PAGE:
Pronouns: Tricky Cases

Introduction

In our first lesson on pronouns, we looked at the eight different types of pronouns. This page covers some extra rules for those pronouns that especially give people trouble.

I and Me

The personal pronouns and me sometimes cause trouble when used in tandem with other nouns and pronouns.

For example, which of the following is correct?

They left some food behind for James and I.

They left some food behind for James and me.

It’s the second option that is correct. The reason is that me is an object pronoun and receives the action of the verb. If you test each pronoun by itself, you can easily tell which one’s correct:

They left some food behind for I.

They left some food behind for me.

So when in doubt, just take away the other noun or pronoun and see whether you need or me. Here are some correct sentences to peruse:

She and I went to the movies.

Mia gave Esther and me a taste of her own homemade cough medicine.

My girlfriend and I would love a massage.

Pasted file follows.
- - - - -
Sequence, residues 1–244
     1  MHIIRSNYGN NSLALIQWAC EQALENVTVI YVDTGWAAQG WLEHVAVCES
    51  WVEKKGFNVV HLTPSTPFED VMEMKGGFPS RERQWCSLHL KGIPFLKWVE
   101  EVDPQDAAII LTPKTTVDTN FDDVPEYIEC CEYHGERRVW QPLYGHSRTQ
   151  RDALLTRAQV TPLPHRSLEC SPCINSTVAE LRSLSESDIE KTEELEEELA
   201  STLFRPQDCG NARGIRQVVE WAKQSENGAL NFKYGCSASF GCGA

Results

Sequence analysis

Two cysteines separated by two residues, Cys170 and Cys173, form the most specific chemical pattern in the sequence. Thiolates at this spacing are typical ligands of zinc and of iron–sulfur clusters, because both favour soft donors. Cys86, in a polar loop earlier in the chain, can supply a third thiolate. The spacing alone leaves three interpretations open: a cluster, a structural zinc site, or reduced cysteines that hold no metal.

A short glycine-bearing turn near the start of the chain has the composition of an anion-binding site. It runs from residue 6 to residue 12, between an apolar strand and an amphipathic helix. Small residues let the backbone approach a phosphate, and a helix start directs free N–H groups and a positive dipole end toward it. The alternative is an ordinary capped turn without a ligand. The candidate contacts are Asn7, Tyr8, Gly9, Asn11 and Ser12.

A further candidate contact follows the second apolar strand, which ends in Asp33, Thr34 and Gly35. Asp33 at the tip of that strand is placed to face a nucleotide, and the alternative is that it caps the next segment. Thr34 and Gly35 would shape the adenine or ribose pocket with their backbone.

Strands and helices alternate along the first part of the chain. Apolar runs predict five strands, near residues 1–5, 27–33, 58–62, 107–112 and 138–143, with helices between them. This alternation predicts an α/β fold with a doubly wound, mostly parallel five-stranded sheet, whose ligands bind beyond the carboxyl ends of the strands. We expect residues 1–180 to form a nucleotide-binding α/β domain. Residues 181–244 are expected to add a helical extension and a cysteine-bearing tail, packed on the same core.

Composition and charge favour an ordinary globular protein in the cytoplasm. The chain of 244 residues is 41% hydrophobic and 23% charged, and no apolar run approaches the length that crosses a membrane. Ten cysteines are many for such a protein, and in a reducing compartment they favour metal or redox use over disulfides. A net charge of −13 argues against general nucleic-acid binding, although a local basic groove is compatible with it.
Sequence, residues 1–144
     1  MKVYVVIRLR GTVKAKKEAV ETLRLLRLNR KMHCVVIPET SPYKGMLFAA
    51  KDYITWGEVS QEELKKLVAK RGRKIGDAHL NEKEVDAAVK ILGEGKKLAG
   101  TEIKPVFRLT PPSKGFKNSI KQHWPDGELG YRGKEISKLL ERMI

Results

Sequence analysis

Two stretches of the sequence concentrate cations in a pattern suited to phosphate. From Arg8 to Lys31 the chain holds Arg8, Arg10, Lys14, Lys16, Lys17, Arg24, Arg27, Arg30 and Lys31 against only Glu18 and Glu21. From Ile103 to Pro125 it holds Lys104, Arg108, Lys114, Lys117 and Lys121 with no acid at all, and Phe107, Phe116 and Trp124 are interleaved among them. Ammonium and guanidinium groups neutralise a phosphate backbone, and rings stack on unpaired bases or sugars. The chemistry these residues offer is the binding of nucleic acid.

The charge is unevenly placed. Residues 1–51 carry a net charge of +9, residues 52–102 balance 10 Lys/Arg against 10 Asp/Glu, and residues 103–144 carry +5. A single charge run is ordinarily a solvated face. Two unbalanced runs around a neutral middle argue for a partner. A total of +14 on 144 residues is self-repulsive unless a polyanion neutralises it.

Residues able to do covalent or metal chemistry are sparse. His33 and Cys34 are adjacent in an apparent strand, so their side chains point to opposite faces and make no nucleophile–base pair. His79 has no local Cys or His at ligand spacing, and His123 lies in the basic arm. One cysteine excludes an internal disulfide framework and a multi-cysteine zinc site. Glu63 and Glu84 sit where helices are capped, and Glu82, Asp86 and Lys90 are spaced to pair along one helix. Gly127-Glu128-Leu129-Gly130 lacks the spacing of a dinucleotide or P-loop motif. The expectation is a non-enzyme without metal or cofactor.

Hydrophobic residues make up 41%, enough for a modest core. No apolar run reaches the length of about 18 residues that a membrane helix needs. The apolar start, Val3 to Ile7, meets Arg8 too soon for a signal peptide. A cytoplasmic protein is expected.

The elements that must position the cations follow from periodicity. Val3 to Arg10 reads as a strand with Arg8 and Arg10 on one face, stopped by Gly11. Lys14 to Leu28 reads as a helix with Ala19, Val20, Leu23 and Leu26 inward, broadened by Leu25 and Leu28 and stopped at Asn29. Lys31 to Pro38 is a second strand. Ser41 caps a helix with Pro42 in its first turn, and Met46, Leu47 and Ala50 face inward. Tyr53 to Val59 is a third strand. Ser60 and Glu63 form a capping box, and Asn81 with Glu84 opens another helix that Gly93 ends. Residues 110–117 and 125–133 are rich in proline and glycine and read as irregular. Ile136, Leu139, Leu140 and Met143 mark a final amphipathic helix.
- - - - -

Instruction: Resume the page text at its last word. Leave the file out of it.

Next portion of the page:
The police pulled aside just Karen and me.

Who and Whom

The personal pronoun whom confuses many people. What is it for?

Simply put, who is a subject pronoun and whom is an object pronoun. Specifically, whom is the object of either a verb or a preposition:

The principal gave whom a medal?

To whom were you talking?

As with and me, there is a simple test you can do to check which one you need. Try substitute “him/her” and “he/she” and see what that sounds like. For example, in the above example you could say “The principal gave him a medal.” That’s because “him/her” are object pronouns, and function in the same way as whom. By contrast, “he/she” are subject pronouns, and are similar to who.

In daily speech we often use who instead of whom, and it may happen that even in writing whom will one day disappear from use. For the time being, though, you’ll want to know what whom is for. That way you won’t make any embarrassing mistakes.

Exercises



 

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